|Pterois miles read sea Dahab (Photo credit: Wikipedia)|
|Pterois radiata is endemic to the Indian Ocean and Western Pacific (Photo credit: Wikipedia)|
|Antennata Lionfish, picture taken in Zoo Schönbrunn, Vienna, Austria. Français : Un Pterois antennata. Photo prise dans le zoo de Schönbrunn, à Vienne, en Autriche. 日本語: ネッタイミノカサゴ。オーストリア、ウィーンのシェーンブルン動物園にて。 中文: 红须狮子鱼，摄于奥地利维也纳美泉宫动物园。 (Photo credit: Wikipedia)|
BY LIZETTE ALVAREZ
MIAMI – They eat anything, reproduce copiously and adapt effortlessly. And they have become as ubiquitous and pesky as rats- only prettier and more conniving.
Nearly three decades after a lone venomous lionfish was spotted in the ocean near here, the species has invaded the Southern seaboard, staking a claim on Florida, the Gulf Coast, the Caribbean, and even parts of South America. Spreading gradually at first, then frenetically from 2005 onward, lionfish have become the most numerous marine nonnative invasive species in the world, scientists said.
Along the way, the predators, which hail from the Pacific and Indian Oceans and can grow here to 50 centimeters long, are wreaking havoc on delicate reefs and probably further depleting precious snapper and grouper stocks.
There is no stopping them now, salt-water experts said. But hoping to at least slow them, marine biologist and government agencies have been intensifying efforts recently to spearfish them out of certain areas that harbor fragile reefs.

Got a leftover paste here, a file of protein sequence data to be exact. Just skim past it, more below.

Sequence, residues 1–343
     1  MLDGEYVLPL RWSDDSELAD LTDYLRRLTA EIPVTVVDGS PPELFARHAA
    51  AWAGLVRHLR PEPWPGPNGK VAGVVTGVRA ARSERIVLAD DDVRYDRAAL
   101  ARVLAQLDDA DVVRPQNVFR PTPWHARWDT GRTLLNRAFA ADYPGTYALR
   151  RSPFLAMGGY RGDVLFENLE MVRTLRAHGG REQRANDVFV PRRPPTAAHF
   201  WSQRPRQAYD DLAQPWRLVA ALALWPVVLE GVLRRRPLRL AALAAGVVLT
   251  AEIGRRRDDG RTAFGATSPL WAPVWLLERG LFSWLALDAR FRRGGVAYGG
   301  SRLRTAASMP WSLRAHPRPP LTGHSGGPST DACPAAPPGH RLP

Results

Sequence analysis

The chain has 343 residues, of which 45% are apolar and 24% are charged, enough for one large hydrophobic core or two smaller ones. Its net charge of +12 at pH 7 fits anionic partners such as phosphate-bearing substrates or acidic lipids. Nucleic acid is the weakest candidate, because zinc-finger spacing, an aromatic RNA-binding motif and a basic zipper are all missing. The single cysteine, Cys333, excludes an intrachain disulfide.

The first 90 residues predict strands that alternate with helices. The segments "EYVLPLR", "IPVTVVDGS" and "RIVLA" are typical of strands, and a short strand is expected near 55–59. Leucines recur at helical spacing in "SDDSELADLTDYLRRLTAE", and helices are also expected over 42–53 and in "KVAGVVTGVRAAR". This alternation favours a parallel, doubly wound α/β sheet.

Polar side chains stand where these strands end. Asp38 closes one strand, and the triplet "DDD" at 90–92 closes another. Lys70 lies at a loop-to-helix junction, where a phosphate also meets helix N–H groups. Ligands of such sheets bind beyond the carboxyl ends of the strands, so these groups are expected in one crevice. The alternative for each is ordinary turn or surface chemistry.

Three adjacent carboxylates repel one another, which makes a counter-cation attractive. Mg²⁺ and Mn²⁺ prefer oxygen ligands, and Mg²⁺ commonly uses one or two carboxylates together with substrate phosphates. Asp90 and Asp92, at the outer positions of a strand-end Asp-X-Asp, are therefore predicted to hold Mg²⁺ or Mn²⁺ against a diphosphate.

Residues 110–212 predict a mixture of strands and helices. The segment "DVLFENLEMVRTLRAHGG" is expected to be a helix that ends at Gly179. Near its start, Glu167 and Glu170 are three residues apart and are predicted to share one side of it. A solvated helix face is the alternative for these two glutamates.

The Florida Fish and Wildlife Conservation Commission has banned the importation of lionfish and prohibited the breeding of the fish, steps that experts said will focus attention on the problem. The commission also lifted fishing licensing requirements to hunt lionfish and even started an app so that people can report lionfish sightings.
“Eradication is not on the table, but local control has proven to be very effective,” said Lad Akins, special projects director for the Reef Environmental Education Foundation. “They are what many people call a near-perfect invader.”
Lionfish derbies, or rodeos, seem to have the best success rate. Groups of divers gather for a day of spearfishing; recently, 22 divers speared 573 lionfish in one day in the Florida Keys.
There is talk of offering bounties, but money is scarce.
Then there is the gourmet approach. Some Florida restaurants are now buying lionfish, which are light and flaky when cooked. Once there is a large enough market for them, scientists said, fishermen will pay attention and help haul them out of the sea.
“The tricky part is catching them,” said Maia McGuire of the University of Florida. “It’s labor intensive and requires divers, gear and boats.”
Scientists are finding that limiting the number of lionfish on a reef – as opposed to culling them all – will allow the reef and its fish to recover.
Scientists said lionfish wound up in the Atlantic Ocean when people bought them for their aquariums and eventually freed them in the ocean, where they do not pose a problem in their native waters, most likely because they are eaten by more powerful predators that keep the population in check. Here, the predators seemed befuddled by them.
The fish are gluttonous, stuffing 50 to 60 baby fish into their stomachs. Females can each release two million eggs a year.
“They can spawn as frequently as every four days, which is really crazy,” Ms. McGuire said, then wondered,” Are we going to end up with reefs just covered with lionfish?”
Taken from TODAY Saturday Edition, November 1, 2014